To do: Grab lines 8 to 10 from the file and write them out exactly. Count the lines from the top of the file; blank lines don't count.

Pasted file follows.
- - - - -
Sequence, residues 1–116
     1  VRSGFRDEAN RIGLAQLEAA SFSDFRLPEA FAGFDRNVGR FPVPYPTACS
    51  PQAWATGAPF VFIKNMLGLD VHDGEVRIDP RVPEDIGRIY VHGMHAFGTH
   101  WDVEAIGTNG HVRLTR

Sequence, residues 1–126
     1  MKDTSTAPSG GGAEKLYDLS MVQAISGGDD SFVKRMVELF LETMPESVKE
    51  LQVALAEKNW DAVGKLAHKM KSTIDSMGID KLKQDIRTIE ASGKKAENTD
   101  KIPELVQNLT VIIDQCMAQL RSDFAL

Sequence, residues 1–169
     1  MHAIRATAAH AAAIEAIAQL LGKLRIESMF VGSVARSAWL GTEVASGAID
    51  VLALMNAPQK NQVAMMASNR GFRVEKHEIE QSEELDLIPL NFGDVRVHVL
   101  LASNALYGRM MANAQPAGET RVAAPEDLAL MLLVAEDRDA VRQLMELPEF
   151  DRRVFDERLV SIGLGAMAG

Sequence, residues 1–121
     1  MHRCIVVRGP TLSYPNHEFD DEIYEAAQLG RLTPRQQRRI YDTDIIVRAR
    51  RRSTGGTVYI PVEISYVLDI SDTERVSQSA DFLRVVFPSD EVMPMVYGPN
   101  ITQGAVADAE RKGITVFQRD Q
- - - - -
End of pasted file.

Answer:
   101  KIPELVQNLT VIIDQCMAQL RSDFAL

Sequence, residues 1–169
     1  MHAIRATAAH AAAIEAIAQL LGKLRIESMF VGSVARSAWL GTEVASGAID